In late January, 1968. a fourth infantry battalion, the 4th Battalion, 21st Infantry, joined the "Jungle Warriors" of the 11th Infantry Brigade. Successful operations during this time included Operation NORFOLK VICTORY, CHAMPAGNE GROVE, and VERON LAKE II. During these operations the Brigade succeeded in destroying the enemy's major bases of operation, weapons and munitions caches, rice and salt caches, and interdicting his major infiltration and logistical routes.

The 11th Infantry Brigade operated from five forward fire support bases, each strategically located to hinder the enemy's movement and interdict his traditional lines of infiltration. Throughout their assignment to the 11th Brigade, "E" Troop engaged in eleven campaigns, receiving the Republic of Vietnam Cross of Gallantry for service in 1969-1970. "E" Troop was inactivated in Vietnam on 13 November 1971.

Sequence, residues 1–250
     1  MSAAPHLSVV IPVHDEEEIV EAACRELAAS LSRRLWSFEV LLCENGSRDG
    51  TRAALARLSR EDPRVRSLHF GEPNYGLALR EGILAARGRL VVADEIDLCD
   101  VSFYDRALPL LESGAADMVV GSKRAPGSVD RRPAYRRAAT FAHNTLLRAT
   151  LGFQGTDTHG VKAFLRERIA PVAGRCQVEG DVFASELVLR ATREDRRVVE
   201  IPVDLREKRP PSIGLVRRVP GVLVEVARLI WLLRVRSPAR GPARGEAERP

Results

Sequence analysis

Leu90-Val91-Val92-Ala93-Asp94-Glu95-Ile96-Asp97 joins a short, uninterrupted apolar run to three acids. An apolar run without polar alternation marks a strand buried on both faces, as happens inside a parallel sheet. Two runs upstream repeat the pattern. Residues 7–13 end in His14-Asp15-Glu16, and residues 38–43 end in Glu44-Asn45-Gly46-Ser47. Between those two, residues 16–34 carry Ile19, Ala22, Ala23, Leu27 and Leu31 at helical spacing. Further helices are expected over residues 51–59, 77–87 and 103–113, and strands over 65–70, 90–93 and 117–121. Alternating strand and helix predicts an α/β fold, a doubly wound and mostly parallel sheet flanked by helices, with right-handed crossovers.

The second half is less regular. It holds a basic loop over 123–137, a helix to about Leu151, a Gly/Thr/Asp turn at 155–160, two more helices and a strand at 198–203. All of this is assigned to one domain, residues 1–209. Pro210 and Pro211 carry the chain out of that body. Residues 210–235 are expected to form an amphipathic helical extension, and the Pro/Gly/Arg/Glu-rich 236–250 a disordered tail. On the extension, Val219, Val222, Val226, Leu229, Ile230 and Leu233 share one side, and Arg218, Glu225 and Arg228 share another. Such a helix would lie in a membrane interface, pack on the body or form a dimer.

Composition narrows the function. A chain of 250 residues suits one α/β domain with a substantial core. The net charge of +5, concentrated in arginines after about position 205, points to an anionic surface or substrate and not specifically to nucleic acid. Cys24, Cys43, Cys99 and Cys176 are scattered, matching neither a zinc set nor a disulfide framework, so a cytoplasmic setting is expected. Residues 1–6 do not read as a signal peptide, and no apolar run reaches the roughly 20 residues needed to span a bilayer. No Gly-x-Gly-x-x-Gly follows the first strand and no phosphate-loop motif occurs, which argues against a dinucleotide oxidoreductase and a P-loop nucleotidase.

1st Squadron, 1st Cavalry Regiment

In March, 1967, stationed at Ft. Hood, Texes, the 1st Squadron, 1st Cavalry Regiment was alerted for movement to Vietnam. From March to August of that year, the squadron trained daily in all phases of squad, platoon, troop and squadron operations. In August 1967 the 1st Squadron, 1st Cavalry was detached from the 1st Armored Division and sent to Vietnam as a separate armored cavalry squadron.

Upon their arrival in Vietnam in August, 1967, the 1st Squadron, 1st Cavalry was deployed in I Corps Tactical Zone around Chu Lai. The squadron was committed to battle two days after its arrival and was in the field operating against the North Vietnamese Army and Viet Cong continuously.

On January 10, 1968, the 1st Squadron, 1st Cavalry Regiment, attached to the 23 Infantry (Americal) Division, joined with the 196th Infantry Brigade in Task Force Oregon and operated around the Chu Lai areas.